Thursday, December 5, 2019
Senator Rand Paul has a new proposal out to (among other things) allow retirement savers to make tax-free withdrawals from their retirement accounts in order to pay down student loans. The press release describes the plan this way:
As U.S. student loan debt hits its highest-ever levels, Dr. Paul’s HELPER Act would allow Americans to annually take up to $5,250 from a 401(k) or IRA — tax and penalty free — to pay for college or pay back student loans. These funds could also be used to pay tuition and expenses for a spouse or dependent.
Why his office refers to him as Dr. Paul and not Senator Paul, I cannot fathom. If I ever get elected to anything and start introducing legislation, I'm not going to be calling myself "Professor" in the press release.
For people paying down student loans, this could result in a substantial tax savings. Think about it from the perspective of a person lucky enough to make good money and have the funds available to make significant contributions. Routing funds through the 401(k) account would reduce taxable income and make it possible to pay $5,250 a year with pre-tax money.
I'm not sure why we need to launder funnel through a 401(k) account. We could also deduct student loan payments (interest & principal) from income as well. I'm not sure how necessary it is to use the 401k structure here. If we want to simply make student loan repayment tax free, why put a cap on the amount that is tax and penalty free? A cap creates an incentive to pay no more than the cap each year. If the thesis is that getting rid of higher interest rate debt early is a good idea, a cap may cause slower repayments.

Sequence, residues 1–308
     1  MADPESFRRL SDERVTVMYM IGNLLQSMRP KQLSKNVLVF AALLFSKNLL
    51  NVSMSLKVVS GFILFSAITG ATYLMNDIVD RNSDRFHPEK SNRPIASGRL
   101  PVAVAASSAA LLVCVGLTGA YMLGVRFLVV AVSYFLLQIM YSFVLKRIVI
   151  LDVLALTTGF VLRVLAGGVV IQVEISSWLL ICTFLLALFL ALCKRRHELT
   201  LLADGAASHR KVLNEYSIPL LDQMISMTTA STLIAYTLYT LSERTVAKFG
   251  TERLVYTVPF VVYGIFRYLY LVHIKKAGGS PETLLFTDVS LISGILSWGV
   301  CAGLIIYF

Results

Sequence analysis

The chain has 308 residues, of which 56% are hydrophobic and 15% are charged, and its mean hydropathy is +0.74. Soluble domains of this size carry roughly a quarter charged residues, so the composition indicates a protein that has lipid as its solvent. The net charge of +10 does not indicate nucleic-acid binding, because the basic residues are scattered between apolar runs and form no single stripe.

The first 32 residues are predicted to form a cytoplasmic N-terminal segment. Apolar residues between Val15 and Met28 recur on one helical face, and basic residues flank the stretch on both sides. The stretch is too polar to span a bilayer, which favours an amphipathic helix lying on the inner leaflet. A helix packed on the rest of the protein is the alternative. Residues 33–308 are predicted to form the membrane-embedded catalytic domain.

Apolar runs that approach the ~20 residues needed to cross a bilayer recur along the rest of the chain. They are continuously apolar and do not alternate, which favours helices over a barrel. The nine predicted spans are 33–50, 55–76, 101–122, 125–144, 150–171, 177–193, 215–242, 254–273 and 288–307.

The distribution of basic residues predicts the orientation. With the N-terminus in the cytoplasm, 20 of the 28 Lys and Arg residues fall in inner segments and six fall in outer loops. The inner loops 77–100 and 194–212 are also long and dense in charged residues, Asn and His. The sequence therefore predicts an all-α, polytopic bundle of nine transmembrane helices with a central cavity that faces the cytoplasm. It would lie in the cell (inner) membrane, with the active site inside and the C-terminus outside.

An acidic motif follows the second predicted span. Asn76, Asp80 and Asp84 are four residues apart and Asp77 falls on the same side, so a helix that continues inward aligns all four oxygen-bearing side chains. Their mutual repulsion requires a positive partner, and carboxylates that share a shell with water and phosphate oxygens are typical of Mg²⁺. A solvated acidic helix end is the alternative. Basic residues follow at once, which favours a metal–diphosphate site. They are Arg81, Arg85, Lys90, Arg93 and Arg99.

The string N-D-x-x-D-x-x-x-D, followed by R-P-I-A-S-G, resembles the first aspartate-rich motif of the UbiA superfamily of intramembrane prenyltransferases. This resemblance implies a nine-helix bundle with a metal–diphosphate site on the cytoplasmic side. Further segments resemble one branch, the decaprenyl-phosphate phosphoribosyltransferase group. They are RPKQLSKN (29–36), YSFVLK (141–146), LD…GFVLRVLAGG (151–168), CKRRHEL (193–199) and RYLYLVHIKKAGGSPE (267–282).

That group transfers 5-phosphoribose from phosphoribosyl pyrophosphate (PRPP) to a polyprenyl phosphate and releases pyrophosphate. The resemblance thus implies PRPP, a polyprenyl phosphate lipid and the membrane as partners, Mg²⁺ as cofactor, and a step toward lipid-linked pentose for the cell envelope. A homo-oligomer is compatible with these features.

Consider a new doctor, heavily burdened with debt. It may make sense to spend another year living like a resident and clear out the debt. This is harder to do if higher tax brackets eat up much of the money earned.
Whether this proposal will, on balance, result in greater retirement savings at retirement, I do not know. Its possible that some people may increase their 401(k) contributions to pipe student loan repayment money, tax-free, through these accounts. Once the pipe is set up and running with a higher contribution level, they may continue those contributions after the student debt has been paid off. On the other hand, some people might raid their retirements to get rid of student loan debt.
This may not be the best way to deal with student debt because it's an option that will only be available to those with retirement funds and accounts. About half of Americans simply don't have any retirement savings. If parents use their retirement funds to pay their children's tuition, it may simply reduce their retirement savings. That being said, it might help some people and lead to better results for some savers than the status quo.